The rest of the table.

The British high command - for a skirmish game, that might be as high as a major!

The civilians who were part of my British force.
Andy refereed while Rob and I took the British side while Tyler and Kevin were the French Commanders. Rob was able to make this Saturday gathering of the Hamilton Road Games Group, at least for a while. He had to start work in the middle of the afternoon, but stopped down for a bit now that he live only a few blocks away from the library.

Rob and I both advanced our regulars, elite grenadiers, and light infantry toward the French advance. Our Mohawk party accompanied Rob and the civilians stayed in town to hold the buildings. One of my regular units (12 rank and file with and NCO and one officer) occupied the blockhouse at the edge of town. Kevin and Tyler advanced over the stream and into the line of woods at the edge of the settlement. The fire fight began there.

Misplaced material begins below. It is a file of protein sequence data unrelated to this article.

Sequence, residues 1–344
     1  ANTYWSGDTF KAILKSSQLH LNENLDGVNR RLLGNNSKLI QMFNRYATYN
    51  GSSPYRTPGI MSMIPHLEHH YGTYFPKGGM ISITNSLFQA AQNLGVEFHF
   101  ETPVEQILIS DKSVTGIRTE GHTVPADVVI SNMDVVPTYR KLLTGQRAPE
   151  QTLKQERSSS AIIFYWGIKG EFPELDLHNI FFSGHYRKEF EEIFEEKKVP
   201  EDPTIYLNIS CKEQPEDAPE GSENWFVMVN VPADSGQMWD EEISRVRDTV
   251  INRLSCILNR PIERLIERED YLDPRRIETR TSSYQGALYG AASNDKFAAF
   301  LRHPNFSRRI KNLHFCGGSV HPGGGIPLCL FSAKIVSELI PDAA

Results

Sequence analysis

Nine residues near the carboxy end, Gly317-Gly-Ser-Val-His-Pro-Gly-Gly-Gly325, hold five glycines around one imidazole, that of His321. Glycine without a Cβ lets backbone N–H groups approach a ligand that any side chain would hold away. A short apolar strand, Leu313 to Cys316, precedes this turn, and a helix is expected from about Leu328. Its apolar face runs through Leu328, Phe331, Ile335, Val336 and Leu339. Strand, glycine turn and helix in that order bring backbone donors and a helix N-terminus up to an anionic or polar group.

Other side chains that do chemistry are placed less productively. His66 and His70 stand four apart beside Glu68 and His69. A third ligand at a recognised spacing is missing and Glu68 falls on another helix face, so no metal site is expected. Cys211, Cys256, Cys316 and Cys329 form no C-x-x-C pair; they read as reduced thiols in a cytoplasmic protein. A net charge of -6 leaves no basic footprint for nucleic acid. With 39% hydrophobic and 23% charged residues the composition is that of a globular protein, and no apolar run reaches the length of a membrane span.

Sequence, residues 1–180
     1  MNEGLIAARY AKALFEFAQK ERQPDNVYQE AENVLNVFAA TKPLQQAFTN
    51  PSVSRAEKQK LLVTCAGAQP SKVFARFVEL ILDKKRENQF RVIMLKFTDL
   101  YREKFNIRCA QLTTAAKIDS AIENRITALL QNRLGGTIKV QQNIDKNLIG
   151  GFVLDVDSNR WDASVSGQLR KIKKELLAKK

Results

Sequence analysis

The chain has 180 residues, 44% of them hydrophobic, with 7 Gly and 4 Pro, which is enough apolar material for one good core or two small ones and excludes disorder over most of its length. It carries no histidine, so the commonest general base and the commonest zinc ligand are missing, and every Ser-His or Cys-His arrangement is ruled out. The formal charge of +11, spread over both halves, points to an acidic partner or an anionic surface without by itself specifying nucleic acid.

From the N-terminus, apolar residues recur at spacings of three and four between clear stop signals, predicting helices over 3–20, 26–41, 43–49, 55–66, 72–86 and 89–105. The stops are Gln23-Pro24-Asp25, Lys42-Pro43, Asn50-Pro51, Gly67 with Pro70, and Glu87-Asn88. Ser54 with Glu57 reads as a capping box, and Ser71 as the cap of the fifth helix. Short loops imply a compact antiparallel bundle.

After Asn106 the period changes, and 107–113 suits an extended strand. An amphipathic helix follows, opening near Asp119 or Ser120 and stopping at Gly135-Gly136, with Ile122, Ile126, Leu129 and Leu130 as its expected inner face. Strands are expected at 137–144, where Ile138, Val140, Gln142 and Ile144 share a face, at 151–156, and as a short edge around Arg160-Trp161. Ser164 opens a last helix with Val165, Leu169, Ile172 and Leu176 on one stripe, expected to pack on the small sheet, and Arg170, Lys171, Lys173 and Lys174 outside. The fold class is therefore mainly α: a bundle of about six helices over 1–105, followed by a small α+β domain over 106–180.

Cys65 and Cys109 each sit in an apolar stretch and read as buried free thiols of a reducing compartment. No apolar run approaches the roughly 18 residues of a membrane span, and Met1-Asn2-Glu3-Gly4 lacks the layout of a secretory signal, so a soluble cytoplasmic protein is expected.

British regulars cross the plowed field.
All the figures and terrain were from Andy's collection. The fields were either side of the same kind of cloth.

The French-allied Natives come to the edge of the forest.
Another view from Andy's camera

Rob's two sections with his native allies advance.

Tyler's French force including light infantry in red.

Kevin's force moving through the woods.

The light troops made it to the bridge and exchanged fire with my grenadiers.

The two sets of native allies fight while the Grenadier section continues to advance.

... into the teeth of the French light infantry's fire.
Rob was holding his own on the left. My grenadiers and one of my regular sections may have advanced too far and eventually had to fall back on the town in much reduced numbers.